In 1981, Nielsen, Plotkin, and Winskel introduced a partial order semantics of Petri nets in terms of what we call today unfoldings, with the goal of giving Petri nets a denotational semantics a la Scott, based on domains. The approach was later extended to many other models of concurrency by different people.
However, this line of research had small impact on the verification community until, in 1992, McMillan proposed unfoldings as a way of attacking the state explosion problem. Since then, model-checking based on unfoldings has established itself as the probably most successful application of partial order semantics.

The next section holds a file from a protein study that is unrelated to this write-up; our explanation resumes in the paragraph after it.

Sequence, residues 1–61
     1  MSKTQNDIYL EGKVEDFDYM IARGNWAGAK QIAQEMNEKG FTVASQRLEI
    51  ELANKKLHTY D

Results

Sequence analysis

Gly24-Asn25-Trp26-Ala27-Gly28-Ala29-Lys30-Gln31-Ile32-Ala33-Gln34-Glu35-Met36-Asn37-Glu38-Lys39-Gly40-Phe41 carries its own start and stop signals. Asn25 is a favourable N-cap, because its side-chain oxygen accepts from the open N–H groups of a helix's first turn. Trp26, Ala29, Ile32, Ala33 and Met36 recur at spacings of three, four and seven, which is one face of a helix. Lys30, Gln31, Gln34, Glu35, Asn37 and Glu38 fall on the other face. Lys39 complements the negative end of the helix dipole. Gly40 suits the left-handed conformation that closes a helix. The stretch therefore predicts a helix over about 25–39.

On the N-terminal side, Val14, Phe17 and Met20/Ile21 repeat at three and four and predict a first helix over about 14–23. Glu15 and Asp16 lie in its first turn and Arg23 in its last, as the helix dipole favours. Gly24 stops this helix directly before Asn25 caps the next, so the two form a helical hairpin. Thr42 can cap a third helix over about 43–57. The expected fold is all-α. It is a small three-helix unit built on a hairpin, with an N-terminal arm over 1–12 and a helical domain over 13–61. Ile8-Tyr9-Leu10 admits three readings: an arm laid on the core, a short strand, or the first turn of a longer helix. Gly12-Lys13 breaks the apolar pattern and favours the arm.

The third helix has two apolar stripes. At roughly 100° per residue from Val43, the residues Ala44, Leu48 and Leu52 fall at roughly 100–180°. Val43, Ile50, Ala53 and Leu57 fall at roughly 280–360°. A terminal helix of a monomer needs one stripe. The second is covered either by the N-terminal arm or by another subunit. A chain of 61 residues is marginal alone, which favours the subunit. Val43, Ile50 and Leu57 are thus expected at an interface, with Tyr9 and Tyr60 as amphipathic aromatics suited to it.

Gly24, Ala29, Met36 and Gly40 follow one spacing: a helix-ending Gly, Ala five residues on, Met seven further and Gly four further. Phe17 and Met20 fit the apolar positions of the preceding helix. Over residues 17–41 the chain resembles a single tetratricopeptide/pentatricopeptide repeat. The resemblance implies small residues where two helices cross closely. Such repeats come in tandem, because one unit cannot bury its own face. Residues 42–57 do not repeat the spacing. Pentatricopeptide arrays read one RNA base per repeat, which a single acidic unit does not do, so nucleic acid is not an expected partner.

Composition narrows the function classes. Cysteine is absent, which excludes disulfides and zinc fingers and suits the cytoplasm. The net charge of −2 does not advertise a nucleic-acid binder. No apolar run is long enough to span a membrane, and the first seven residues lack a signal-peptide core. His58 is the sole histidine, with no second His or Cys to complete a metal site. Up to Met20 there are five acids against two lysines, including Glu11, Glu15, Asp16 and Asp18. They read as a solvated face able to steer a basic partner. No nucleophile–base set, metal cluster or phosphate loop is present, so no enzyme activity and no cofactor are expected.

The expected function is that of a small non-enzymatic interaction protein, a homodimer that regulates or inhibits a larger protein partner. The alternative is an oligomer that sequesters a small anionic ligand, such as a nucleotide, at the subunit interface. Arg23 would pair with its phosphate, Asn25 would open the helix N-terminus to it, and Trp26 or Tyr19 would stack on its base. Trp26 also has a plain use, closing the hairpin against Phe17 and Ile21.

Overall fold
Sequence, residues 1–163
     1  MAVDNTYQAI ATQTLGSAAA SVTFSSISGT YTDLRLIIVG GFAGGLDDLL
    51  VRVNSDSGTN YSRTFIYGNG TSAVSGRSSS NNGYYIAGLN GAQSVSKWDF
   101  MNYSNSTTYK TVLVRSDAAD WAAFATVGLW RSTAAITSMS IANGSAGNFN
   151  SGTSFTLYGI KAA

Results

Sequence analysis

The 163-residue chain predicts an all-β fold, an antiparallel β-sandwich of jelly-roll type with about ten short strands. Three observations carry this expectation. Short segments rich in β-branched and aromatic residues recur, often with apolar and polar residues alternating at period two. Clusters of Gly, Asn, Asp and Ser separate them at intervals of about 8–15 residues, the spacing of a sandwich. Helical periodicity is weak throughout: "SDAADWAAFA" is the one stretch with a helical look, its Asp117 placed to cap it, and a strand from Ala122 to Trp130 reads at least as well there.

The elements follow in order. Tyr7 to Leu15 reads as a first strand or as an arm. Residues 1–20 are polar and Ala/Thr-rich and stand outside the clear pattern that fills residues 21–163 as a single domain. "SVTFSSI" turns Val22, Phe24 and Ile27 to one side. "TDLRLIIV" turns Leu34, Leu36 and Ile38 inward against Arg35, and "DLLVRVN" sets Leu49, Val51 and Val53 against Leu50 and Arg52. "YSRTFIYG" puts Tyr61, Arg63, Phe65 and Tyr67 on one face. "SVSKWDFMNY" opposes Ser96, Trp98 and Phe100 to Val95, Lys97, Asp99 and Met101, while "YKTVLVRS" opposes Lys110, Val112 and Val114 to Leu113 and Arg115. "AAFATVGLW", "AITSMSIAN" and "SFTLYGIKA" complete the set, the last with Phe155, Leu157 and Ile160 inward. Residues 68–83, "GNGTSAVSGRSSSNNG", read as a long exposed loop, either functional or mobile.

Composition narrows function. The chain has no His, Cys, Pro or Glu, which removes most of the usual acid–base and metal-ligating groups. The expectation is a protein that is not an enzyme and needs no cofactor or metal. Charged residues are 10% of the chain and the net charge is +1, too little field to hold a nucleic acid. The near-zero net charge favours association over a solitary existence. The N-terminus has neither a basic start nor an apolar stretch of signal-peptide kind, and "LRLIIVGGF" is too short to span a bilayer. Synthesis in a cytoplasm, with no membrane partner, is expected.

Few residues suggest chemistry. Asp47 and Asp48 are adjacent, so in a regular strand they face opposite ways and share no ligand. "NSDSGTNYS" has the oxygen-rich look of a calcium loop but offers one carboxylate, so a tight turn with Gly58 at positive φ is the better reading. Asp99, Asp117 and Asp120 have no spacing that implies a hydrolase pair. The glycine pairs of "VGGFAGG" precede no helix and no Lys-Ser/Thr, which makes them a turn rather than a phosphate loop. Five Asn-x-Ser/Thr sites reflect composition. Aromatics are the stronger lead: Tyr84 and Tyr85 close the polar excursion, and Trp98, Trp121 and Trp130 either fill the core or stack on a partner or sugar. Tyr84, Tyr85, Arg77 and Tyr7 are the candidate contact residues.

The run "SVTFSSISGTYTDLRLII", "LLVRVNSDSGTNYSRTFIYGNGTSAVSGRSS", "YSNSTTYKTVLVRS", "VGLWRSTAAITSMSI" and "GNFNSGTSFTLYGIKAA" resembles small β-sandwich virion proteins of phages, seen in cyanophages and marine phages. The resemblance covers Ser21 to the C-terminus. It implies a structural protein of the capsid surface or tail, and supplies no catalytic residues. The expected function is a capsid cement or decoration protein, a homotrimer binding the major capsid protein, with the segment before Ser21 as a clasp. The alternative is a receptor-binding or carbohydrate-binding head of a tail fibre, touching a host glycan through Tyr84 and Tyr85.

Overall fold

In this talk I'll introduce unfoldings for communicating sequential systems. I'll show that unfoldings generalise the well-known notion of unwinding of a transition system into a (possibly infinite) tree. I'll then discuss the algorithmic problems involved in using unfoldings as the basis of verification procedures.